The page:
ACEI Conference told revised NDP must be delivered through a climate lens
– Minister McGrath commits to doing all in his power to address PII issues
– ACEI launches its Sustainability Vision
The theme of this year’s ACEI Conference was “Delivery where the only Constant is Change”. Expert speakers and panelists addressed the topics of “Effective Delivery Process”, National Development Plan Implementation”, and Climate Adaption and Resilience”.
National Development Plan Review Findings
Delegates at the ACEI virtual annual conference were told about the initial findings and emerging themes arising from the recent Review to Renew – the public consultation of the Review of the National Development Plan.
Áine Griffin, Director of Communications, Project Ireland 2040.
Speaking at the conference, Áine Griffin, Director of Communications, Project Ireland 2040, said there were 569 submissions, including 325 individual submissions and 117 from organisations, groups and NGOs.
She said the consistent themes that emerged were ‘Climate Action’, ‘Balanced Regional Development’, ‘Sustainable Housing’, and ‘Transport’.
“The emerging themes also include Enterprise, ‘Skills and Innovation Capacity’, ‘Tourism Connectivity’ including airports and ports, health water infrastructure, ‘The All-Ireland Perspective’, ‘Remote Working’, ‘Sports’, and ‘Culture and Heritage’,” Aine Griffin explained.
She added that a detailed summary of the submissions received would be included in the Phase One Report of the NDP, which will be completed by the end of spring.
Expanding on the initial findings, Áine Griffin said, “there was a consensus that the revised NDP must be delivered through the climate lens.
“Active consideration was urged towards appropriate design policy and funding mechanisms to support sustainable investment and support end-users in moving away from fossil fuels. Many submissions highlighted the view that funding should be prioritised for key regional projects that will drive regional employment and enterprise growth, allowing regions to act as a counterbalance to Dublin and the East Coast. On sustainable housing development, support for the delivery of housing and enabling infrastructure on key sites – both urban and rural – that contribute to compact growth targets in regional growth centres was requested. For transport, in the main, submissions sought support for the interregional and intraregional national road network and the maintenance and enhancement of the regional and local road network. Investment should also be focused on maintaining, upgrading and expanding rail infrastructure, allowing for more frequent and faster rail journeys for the most potential passengers and freight transport. A significant proportion of submissions expressed a desire to enhance cycling and pedestrian infrastructure.”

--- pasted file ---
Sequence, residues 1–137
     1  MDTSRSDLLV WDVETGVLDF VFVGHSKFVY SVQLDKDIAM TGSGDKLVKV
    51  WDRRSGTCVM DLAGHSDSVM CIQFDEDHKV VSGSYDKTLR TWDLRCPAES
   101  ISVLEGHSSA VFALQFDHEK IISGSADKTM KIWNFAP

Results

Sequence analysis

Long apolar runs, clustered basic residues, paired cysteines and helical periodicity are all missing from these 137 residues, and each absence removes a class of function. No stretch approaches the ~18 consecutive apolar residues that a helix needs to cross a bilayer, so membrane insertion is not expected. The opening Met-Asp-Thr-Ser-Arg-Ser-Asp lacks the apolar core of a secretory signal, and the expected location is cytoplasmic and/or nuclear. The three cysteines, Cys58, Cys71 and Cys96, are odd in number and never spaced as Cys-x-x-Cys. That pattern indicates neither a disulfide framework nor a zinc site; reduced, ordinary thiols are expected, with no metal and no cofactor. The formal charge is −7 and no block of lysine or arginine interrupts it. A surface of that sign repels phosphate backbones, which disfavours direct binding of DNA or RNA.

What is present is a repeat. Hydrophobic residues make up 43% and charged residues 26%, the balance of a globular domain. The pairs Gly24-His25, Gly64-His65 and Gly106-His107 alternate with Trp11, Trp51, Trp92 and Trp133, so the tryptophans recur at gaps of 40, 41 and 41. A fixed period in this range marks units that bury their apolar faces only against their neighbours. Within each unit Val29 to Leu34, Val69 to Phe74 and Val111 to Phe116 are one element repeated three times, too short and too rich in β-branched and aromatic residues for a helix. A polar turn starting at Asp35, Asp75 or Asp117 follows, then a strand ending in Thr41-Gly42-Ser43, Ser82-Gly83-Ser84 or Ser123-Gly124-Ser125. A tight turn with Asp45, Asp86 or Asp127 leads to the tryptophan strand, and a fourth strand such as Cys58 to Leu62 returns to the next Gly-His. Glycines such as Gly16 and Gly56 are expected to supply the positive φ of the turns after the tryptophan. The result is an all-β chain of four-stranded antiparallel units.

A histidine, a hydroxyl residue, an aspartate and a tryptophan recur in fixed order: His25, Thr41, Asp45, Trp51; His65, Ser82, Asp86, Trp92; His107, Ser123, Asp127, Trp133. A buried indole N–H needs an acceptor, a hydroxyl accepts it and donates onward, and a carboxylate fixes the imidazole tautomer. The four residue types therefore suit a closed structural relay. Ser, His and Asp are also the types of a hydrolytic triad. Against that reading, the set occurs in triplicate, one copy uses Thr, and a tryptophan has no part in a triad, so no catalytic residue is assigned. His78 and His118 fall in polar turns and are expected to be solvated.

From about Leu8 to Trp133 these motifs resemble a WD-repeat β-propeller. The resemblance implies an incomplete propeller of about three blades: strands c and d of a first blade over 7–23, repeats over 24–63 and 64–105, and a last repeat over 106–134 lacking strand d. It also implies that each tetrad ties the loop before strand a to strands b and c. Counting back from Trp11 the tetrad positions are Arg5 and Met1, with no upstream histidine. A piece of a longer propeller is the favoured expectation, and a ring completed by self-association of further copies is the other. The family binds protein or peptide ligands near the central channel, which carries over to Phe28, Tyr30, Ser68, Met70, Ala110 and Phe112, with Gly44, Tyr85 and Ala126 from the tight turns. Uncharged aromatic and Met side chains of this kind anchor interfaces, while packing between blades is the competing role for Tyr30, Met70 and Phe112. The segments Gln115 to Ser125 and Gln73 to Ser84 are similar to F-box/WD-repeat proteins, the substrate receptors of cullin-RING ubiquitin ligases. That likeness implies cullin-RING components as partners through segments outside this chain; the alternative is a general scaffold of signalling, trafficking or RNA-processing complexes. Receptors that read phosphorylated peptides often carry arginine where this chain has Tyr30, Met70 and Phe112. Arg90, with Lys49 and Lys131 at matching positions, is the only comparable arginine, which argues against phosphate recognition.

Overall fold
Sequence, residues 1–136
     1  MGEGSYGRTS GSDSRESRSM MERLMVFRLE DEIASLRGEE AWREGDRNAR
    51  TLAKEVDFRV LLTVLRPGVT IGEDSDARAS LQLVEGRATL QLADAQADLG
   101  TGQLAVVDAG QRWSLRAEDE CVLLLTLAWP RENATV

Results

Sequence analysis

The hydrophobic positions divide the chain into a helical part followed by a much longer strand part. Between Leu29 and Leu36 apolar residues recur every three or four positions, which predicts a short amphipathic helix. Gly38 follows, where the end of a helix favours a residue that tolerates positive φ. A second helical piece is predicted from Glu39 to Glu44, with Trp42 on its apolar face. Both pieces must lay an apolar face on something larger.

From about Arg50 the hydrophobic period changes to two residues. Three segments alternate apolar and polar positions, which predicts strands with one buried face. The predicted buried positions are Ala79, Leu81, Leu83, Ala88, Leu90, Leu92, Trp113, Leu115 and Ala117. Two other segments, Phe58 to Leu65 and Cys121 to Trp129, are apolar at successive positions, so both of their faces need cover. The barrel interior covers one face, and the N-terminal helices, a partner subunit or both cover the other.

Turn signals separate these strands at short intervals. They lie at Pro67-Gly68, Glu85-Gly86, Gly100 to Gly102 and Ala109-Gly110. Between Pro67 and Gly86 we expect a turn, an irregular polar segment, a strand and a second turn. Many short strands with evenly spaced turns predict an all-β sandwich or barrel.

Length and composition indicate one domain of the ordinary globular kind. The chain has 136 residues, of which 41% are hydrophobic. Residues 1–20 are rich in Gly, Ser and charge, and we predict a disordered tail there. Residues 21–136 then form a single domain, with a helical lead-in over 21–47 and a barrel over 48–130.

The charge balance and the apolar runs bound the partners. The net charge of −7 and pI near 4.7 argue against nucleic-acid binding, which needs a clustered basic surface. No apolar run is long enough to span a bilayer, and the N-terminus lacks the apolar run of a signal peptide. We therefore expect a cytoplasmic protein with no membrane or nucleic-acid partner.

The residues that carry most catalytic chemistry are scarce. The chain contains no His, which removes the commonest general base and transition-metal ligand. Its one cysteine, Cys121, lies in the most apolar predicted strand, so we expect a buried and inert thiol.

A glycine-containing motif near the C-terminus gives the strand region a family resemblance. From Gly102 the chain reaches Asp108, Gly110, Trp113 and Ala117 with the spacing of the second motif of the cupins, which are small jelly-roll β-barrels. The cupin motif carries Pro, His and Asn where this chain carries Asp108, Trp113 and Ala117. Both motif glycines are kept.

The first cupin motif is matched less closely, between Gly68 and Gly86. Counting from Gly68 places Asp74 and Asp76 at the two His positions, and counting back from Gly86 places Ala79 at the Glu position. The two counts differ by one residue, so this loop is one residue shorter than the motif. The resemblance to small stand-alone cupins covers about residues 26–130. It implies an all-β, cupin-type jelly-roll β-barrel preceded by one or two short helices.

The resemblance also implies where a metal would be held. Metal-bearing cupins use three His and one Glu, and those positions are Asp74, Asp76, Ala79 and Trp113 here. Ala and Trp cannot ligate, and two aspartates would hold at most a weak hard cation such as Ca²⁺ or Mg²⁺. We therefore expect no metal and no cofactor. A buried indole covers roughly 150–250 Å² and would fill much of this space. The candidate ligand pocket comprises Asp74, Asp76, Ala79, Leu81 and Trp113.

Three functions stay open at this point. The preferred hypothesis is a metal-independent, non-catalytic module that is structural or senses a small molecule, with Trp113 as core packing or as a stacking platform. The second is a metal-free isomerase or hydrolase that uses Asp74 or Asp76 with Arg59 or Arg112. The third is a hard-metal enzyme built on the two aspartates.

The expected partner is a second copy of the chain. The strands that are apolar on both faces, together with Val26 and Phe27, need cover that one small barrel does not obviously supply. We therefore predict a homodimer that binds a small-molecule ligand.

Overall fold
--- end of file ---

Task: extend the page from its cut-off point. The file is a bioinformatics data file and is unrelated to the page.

In the keynote address Michael McGrath TD, Minister for Public Expenditure and Reform, said that in the next 20 years, the population of Ireland is set to increase by an additional one million people, raising a series of important questions, including where will all these people live and work, what kind of quality of life will we each enjoy, and how a country of almost six million people will impact on our communities and on our built and natural environment.
Michael McGrath TD, Minister for Public Expenditure and Reform.
“The Government wants to ensure that we have the appropriate infrastructure to meet the needs of an increased population. This will be challenging, but it is also a great opportunity to imagine and implement a shared vision of building a better Ireland for all its people and for future generations.”
The Minister added that the €116bn in capital investment committed to Project Ireland 2040 represents an important shift from previous approaches to long-term planning and investment by Government.
“Public investment in construction in Ireland has remained among the highest in the EU in spite of Covid-19. Additional capital expenditure was provided in direct response to Covid in the July Stimulus package last year, and the Government has also committed over €10bn for capital projects in 2021, the highest provision for investment in the history of the State, in recognition of the important role for capital investment. This is a clear signal that, unlike in previous crises, capital allocations will be preserved and maintained to support counter-cyclical fiscal policy.
“The construction industry will have a core role to play in ensuring we can deliver on the ambitions mapped out in Project Ireland 2040. As engineering professionals, you are a significant pillar of the construction industry and key to augmenting societal wellbeing and economic progress in our society – whether you are a civil, structural, mechanical, electrical, environmental, or chemical engineer – you can make a valuable contribution.”
The Minister said that major projects due to be completed in 2021 include the North Runway Project and new Visual Tower at Dublin Airport; Luas Green Line Capacity Enhancement; Technological University Dublin at Grangegorman; Maynooth University Technology Society and Innovation Building; Cork Lower Harbour Main Drainage Project; Vartry Water Supply Scheme Upgrade; Ringaskiddy Port Facilities Redevelopment and the N4 Collooney to Castlebaldwin.
Answering questions put to him by conference host Ivan Yates, Minister McGrath said that the Government is committed to addressing in every way they can the current issues relating to Professional Indemnity Insurance (PII) in the sector.